A sarong is one of the most useful and flexible pieces of apparel that anyone can have in their wardrobe. The numerous uses, effortless style, and efficient versatility make these inexpensive garments a real fashion bargain and worthwhile investment for consumers.
Typically, consumers think of the beach when buying a sarong; while these garments, often referred to as a “pareo” are used as a bathing suit cover-up for those wanting a little something over their bikini or swimsuit. While this is one practical utility, there are far more fashion opportunities and options awaiting those who want to wear something comfortable, stylish, and even edgy.
A sarong is typically tied to secure and keep the draped material in place during wear. Some consumers that wear their sarongs regularly may want to add a pin or brooch to secure the fabric even more, using the pin or other accent to click over the knot or in lieu of tying altogether. Depending on the desired look, the beauty of a sarong is that it is an effortless piece of clothing that doesn’t require embellishment or fixtures, although consumers may augment and adorn their sarong however they see fit.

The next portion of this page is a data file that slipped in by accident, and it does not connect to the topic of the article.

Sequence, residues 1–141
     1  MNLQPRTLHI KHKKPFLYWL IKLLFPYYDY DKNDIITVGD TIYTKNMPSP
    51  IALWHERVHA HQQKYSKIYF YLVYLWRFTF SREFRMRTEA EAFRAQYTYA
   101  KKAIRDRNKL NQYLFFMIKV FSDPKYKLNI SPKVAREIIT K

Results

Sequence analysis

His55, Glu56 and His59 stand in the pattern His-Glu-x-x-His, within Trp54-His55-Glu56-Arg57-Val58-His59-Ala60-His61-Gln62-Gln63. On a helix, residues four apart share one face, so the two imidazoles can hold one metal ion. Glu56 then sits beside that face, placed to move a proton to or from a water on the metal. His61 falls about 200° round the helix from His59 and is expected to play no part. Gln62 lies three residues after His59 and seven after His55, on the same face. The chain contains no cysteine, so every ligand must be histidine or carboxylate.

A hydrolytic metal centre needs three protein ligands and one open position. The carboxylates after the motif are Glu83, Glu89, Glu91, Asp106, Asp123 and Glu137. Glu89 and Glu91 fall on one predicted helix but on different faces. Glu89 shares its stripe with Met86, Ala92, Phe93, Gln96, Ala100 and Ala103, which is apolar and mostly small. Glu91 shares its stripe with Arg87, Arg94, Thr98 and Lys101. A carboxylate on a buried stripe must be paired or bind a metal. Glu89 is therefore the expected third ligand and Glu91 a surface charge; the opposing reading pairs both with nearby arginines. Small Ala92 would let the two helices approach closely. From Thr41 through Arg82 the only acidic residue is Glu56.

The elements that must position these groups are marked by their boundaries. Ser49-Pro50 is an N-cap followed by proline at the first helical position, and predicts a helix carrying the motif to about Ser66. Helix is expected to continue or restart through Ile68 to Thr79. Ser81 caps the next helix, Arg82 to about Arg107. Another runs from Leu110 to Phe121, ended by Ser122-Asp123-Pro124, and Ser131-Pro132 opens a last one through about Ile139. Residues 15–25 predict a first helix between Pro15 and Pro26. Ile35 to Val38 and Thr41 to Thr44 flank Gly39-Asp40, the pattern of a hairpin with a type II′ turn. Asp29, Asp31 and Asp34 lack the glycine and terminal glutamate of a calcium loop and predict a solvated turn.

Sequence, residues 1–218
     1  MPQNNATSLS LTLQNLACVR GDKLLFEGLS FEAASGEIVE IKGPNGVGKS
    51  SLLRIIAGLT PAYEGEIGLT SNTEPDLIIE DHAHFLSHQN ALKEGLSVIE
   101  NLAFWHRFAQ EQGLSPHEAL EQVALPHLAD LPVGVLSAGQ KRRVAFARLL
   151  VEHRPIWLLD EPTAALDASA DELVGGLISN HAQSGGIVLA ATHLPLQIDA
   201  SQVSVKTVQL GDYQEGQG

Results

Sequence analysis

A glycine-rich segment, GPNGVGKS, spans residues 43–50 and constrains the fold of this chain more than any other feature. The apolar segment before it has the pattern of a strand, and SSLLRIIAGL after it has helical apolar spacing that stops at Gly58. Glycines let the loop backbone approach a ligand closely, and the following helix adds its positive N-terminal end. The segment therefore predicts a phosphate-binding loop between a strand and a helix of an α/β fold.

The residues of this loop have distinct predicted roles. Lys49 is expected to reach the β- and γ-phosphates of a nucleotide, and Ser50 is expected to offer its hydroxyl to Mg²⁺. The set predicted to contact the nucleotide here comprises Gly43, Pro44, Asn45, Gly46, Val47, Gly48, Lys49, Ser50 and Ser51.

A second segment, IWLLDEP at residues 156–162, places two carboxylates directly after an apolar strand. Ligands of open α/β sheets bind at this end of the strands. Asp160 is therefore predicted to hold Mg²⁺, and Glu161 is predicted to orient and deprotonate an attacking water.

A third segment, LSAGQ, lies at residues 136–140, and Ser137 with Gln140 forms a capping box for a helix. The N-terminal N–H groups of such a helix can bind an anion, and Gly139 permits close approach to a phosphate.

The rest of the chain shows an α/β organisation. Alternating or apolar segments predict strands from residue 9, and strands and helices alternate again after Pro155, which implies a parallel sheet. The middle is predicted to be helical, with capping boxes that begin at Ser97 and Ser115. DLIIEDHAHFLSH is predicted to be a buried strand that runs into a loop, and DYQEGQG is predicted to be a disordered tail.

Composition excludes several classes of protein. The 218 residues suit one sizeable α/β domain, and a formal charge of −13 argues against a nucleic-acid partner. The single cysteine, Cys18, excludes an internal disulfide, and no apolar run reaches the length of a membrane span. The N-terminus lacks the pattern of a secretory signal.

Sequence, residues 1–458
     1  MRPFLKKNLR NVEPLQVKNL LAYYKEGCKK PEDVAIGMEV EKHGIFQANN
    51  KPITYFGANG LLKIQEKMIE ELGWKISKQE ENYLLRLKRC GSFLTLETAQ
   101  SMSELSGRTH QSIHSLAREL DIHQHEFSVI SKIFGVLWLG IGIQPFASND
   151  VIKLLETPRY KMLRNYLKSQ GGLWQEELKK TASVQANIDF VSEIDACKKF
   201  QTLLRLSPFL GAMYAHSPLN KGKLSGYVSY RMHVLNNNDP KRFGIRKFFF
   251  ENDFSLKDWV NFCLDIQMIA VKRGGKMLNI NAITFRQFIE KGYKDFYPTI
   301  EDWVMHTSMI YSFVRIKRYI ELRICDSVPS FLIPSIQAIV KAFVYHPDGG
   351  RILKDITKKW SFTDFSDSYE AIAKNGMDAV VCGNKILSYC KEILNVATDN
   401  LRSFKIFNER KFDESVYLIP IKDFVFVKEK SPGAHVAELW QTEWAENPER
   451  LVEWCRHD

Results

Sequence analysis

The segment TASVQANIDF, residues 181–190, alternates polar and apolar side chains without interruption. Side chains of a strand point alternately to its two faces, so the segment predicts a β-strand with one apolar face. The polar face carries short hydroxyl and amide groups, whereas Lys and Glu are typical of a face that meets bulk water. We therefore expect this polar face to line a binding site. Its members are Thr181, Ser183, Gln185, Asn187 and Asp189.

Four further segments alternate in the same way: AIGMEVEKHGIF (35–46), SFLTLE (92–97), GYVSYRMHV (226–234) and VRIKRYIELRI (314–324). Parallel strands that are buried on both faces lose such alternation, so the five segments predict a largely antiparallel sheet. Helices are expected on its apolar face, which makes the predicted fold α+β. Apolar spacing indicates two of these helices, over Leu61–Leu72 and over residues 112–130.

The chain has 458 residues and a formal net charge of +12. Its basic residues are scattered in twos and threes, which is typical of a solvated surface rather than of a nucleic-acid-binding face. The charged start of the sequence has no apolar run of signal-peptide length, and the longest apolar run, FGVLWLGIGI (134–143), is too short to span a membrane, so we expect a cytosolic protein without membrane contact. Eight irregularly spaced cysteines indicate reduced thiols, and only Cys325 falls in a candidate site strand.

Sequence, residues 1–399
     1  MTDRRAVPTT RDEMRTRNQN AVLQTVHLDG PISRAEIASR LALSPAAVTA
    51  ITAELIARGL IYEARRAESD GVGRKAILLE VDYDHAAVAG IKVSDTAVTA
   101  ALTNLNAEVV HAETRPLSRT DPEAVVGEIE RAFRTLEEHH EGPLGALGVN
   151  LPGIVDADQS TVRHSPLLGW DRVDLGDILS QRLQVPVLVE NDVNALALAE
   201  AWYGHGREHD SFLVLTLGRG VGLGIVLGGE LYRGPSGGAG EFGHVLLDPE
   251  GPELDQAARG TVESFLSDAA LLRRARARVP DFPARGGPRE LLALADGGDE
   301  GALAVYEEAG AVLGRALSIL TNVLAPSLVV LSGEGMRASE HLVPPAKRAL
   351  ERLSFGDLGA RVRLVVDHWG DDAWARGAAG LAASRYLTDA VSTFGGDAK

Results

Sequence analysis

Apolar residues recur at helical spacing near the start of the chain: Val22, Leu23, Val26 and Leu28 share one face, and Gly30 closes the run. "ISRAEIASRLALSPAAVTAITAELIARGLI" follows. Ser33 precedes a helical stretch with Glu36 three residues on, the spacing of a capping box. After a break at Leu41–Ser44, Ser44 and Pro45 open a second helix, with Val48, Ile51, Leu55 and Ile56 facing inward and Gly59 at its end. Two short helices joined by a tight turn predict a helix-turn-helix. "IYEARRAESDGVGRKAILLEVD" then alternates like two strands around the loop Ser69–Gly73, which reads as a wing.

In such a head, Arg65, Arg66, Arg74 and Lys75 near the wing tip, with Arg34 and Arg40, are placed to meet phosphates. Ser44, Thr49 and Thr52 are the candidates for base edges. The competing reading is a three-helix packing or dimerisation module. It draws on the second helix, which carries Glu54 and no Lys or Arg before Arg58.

A sarong is often worn as a skirt, and depending on how the material is folded, the length of the skirt is entirely up to the wearer. By folding the sarong in half, wearers can wrap the fabric around the waist tying in a knot that will fall with the draping on the side or in the front of the ensemble. Keeping the material flat will allow wearers to create a full-length skirt that ties in the same way, and that is appropriate for occasions from casual to more formal.
Sarongs also make the perfect shoulder wrap or lap throw as needed. They are an excellent item to toss in a bag, keep in the car, or grab on the go to ensure shoulders don’t get chilly or that the wearer has a stylish layer for warmth when the situation warrants it. These also make them great gifts for those that frequently use a shawl or throw to fight off chills, such as a family member or friend.